Posted by: safedriver | February 28, 2015

How to deal with road raging…as the giver and receiver

AngryDriverLet’s face it; we’re not happy all the time. Neither are the people we come across in our daily activities. Sometimes the grumpy, annoyed or angry feelings come with us where ever we go, including when we get into the vehicle. If you take these negative feelings with you while driving, this can often lead to road raging. So let’s take a look at both angles of road raging – the giver and the receiver.

Let’s first address you, the road rage giver. Why do it? In most cases, road ragers are just having a bad moment, bad day or bad few days. The stress seems to build up and when the smallest thing that doesn’t go in their favour happens, then wham! They take most actions from other road users very personal. They often feel those people did those actions to them directly. Well, that’s not really the case. The main difference between an angry driver and a road rager is follow-through. The angry driver may say things aloud in the vehicle to themselves or their passengers. The road rager will act upon their rage.

When I was a judge on Canada’s Worst Driver during their first season, we had a participant who felt other drivers were doing things just to annoy him personally. This tended to get him so angry he often retaliated to these drivers by cutting them off or by hitting the brakes suddenly causing the driver behind to do the same, almost crashing into them. That’s often what road raging really is – retaliation to someone else’s actions. During that season of the show, we used the other participants as examples to him that people make mistakes while driving; quite often not intentionally toward someone else. After we did that he seemed to have a better understanding that people do make mistakes while driving and became less of a road rager. He tried not to take other driver’s mistakes personally.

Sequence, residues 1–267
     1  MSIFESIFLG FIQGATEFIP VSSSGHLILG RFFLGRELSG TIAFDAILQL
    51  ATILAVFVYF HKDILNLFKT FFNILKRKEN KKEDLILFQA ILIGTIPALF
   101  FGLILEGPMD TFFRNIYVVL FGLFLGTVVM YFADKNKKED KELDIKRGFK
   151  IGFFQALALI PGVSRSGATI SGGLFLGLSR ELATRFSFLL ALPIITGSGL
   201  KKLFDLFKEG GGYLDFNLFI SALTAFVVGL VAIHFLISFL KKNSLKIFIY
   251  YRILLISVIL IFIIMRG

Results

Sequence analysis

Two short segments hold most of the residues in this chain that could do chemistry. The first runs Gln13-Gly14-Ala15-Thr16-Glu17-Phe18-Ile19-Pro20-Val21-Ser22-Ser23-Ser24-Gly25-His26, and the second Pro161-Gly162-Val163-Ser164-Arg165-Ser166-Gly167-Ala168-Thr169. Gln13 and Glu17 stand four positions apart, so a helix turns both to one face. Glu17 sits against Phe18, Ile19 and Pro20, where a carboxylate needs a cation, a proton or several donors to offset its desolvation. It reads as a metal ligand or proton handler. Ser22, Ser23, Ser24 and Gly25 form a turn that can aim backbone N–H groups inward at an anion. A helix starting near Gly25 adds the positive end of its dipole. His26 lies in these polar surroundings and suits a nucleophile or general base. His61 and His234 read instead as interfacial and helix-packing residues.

So what can you do to avoid being the road rage giver? If you’ve had a bad day, put on your favourite music in your vehicle before driving away, close your eyes for a few minutes and take deep breaths. This will slow down your heart rate and put you in a relaxed mood before you head off on your commute. If what’s causing your stress is at home, try to leave it there when you get into your vehicle. The same can be said if the stress you’re feeling is with your job. Leaving your “work problems” at work allows you to stay calm while behind the wheel. Always take a few moments before driving if you’re feeling annoyed, angry or grumpy to relax and clear your mind of those issues. And never take the actions of other drivers personally.

Now, what can you do if someone is the road rager to you? The first thing is never retaliate back to them. Drivers have been seriously injured or even killed through the act of road raging. You’re no better than they are if you act like them. Also, avoid making eye contact with them. That sometimes seems to fuel their rage even more. Another possible solution is to turn off the road you’re currently driving on to get rid of them. If they follow you, keep making smooth turns until they decide it isn’t worth pursuing. If they still persist with the raging, drive to the closest police station or fire station. They’ll tend to back off after they see where you’re going.

Remember driving is a journey, not a race. Take the time to relax and focus on this journey. Personal problems will come and go, for you and other road users. Take a moment and think of the consequences of your actions before you do those actions. You’ll be safer because of it.

Posted by: safedriver | February 21, 2015

Safe Driving Week should last a full year

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As written for The Insurance Hunters. Please visit their blog.